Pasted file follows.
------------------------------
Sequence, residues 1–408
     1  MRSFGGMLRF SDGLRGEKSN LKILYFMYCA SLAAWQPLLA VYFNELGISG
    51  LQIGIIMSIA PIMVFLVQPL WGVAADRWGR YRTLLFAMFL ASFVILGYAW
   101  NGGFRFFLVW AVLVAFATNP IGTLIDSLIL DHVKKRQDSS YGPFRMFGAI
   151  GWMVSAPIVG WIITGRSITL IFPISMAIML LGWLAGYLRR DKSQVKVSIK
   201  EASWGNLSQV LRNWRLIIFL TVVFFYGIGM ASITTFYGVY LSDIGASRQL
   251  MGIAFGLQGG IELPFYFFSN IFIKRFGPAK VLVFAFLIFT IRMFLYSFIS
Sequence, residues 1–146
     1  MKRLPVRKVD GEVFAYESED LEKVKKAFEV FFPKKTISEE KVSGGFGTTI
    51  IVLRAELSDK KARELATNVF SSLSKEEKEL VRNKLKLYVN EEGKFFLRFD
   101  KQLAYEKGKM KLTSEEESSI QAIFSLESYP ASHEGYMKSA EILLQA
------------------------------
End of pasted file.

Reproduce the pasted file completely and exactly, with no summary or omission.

Sequence, residues 1–408
     1  MRSFGGMLRF SDGLRGEKSN LKILYFMYCA SLAAWQPLLA VYFNELGISG
    51  LQIGIIMSIA PIMVFLVQPL WGVAADRWGR YRTLLFAMFL ASFVILGYAW
   101  NGGFRFFLVW AVLVAFATNP IGTLIDSLIL DHVKKRQDSS YGPFRMFGAI
   151  GWMVSAPIVG WIITGRSITL IFPISMAIML LGWLAGYLRR DKSQVKVSIK
   201  EASWGNLSQV LRNWRLIIFL TVVFFYGIGM ASITTFYGVY LSDIGASRQL
   251  MGIAFGLQGG IELPFYFFSN IFIKRFGPAK VLVFAFLIFT IRMFLYSFIS
Sequence, residues 1–146
     1  MKRLPVRKVD GEVFAYESED LEKVKKAFEV FFPKKTISEE KVSGGFGTTI
    51  IVLRAELSDK KARELATNVF SSLSKEEKEL VRNKLKLYVN EEGKFFLRFD
   101  KQLAYEKGKM KLTSEEESSI QAIFSLESYP ASHEGYMKSA EILLQA